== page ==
- Tapa blanda: 578 páginas
- Editor: O'Reilly Media; Edición: 2 (9 de enero de 2011)
- Idioma: Inglés
- ISBN-10: 1449379702
- ISBN-13: 978-1449379704
- Valoración media de los clientes: Sé el primero en opinar sobre este producto
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nº112.843 en Libros en idiomas extranjeros (Ver el Top 100 en Libros en idiomas extranjeros)
- n.° 840 en Libros en idiomas extranjeros > Informática, internet y medios digitales > Internet y web
- n.° 1282 en Libros en idiomas extranjeros > Informática, internet y medios digitales > Ciencias informáticas
- n.° 1928 en Libros en idiomas extranjeros > Informática, internet y medios digitales > Programación y desarrollo de software
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Designing Interfaces (Inglés) Tapa blanda – 9 ene 2011
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Descripción del producto
Reseña del editor
Despite all of the UI toolkits available today, it's still not easy to design good application interfaces. This bestselling book is one of the few reliable sources to help you navigate through the maze of design options. By capturing UI best practices and reusable ideas as design patterns, Designing Interfaces provides solutions to common design problems that you can tailor to the situation at hand.
This updated edition includes patterns for mobile apps and social media, as well as web applications and desktop software. Each pattern contains full-color examples and practical design advice that you can use immediately. Experienced designers can use this guide as a sourcebook of ideas; novices will find a roadmap to the world of interface and interaction design.
- Design engaging and usable interfaces with more confidence and less guesswork
- Learn design concepts that are often misunderstood, such as affordances, visual hierarchy, navigational distance, and the use of color
- Get recommendations for specific UI patterns, including alternatives and warnings on when not to use them
- Mix and recombine UI ideas as you see fit
- Polish the look and feel of your interfaces with graphic design principles and patterns
"Anyone who's serious about designing interfaces should have this book on their shelf for reference. It's the most comprehensive cross-platform examination of common interface patterns anywhere."--Dan Saffer, author of Designing Gestural Interfaces (O'Reilly) and Designing for Interaction (New Riders)
Biografía del autor
Jenifer Tidwell has been designing and building user interfaces for industry for more than a decade. She has been researching user interface patterns since 1997, and designing and building complex applications and web interfaces since 1991.
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This book is a complete overview of about 100 UI patterns. Each pattern is given 2-5 pages where the "What", "Use When", "Why", "How", and "Examples" are discussed and illustrated. The presentation is very elementary. For example, if you know when and why to use pagination, alphabet scrollers, toolbars, date pickers, progress indicators, local zooming, multi-selection trees, or sharing widgets (a new pattern in 2ndEd), you probably won't find much value in this book.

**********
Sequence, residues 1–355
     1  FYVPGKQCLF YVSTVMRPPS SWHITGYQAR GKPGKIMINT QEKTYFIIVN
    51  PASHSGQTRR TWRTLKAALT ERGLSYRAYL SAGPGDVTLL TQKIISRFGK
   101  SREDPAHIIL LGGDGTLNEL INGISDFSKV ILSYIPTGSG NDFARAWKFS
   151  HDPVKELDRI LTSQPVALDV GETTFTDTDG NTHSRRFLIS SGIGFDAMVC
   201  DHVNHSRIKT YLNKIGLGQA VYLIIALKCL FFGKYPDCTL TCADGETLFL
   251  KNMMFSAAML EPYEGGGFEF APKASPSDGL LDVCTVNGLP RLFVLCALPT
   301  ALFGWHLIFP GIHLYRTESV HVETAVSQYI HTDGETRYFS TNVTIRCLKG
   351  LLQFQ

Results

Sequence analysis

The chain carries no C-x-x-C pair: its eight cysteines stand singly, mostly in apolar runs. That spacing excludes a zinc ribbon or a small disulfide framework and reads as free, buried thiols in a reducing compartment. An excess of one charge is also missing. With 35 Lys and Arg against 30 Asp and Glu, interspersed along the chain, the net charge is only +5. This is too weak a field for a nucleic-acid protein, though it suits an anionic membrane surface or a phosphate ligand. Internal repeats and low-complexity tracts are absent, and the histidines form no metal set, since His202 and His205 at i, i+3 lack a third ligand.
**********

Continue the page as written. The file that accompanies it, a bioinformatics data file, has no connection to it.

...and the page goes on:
The physical quality of the book is excellent. You will most likely be disappointed if viewing this title on a B&W Kindle. Literally, half the book is loaded with full-color, real-life examples of every pattern. The paper pages are thick and heavy.
WHAT THIS BOOK *IS NOT*:
This book will not provide implementation details or overall design concepts (i.e. effectively combining patterns to achieve some targeted overall user experience).
I primarily purchased this book for Chapter 8, "Getting Input from Users: Forms and Controls." I'm currently in the process of redesigning our shopping cart and checkout forms and thought this book may provide some value in my research. As a web developer (front-end & back-end), I was disappointed. I found much more useful information on modern, standards compliance, UI design blogs.
WHY 4 STARS?
I believe the author accomplishes her goal of documenting, with several examples, every conceivable UI pattern in use today, thus the 4 stars. The book is great for the right audience. However, and I quote the author from her own References section, "If you're looking for more depth than this book can provide, the following list can offer some good starting points." She then lists 24 titles, several of which I own. My favorite title in her list is Don't Make Me Think: A Common Sense Approach to Web Usability, 2nd Edition.
Criticisms: The examples are old now, which will be tough for a web UI book, which it ultimately frames itself to be.
Target audience: New UI / UX designers, students, or professionals who would benefit from having a structured system to explain concepts to management.
It would get a 4 if you're in the above target audience, and that's who really should be picking it up. It would get a 2 for an experienced professional. I was hoping for something more research-based that would expand on my existing toolbox, and unfortunately this isn't the book.
So, overall it comes out with a 3 from me.
If you're going to have to work with clients on interface design, or have done so, you know that it can often turn into a holy war over where to put buttons and what colors to use. Everyone knows best in that situation, and no one knows why they do. This book presents a pattern language for describing why a button should be where it is or a color should be what it is, which allows you to use theory and logic against managers and customers who have no real idea why they like things they way that they do.
Another great thing that Jenifer does is inline references to other topics in the book and she gives the reader the chapter that those topics are on.
I highly recommend this book for anyone who is starting out in User Interface Design.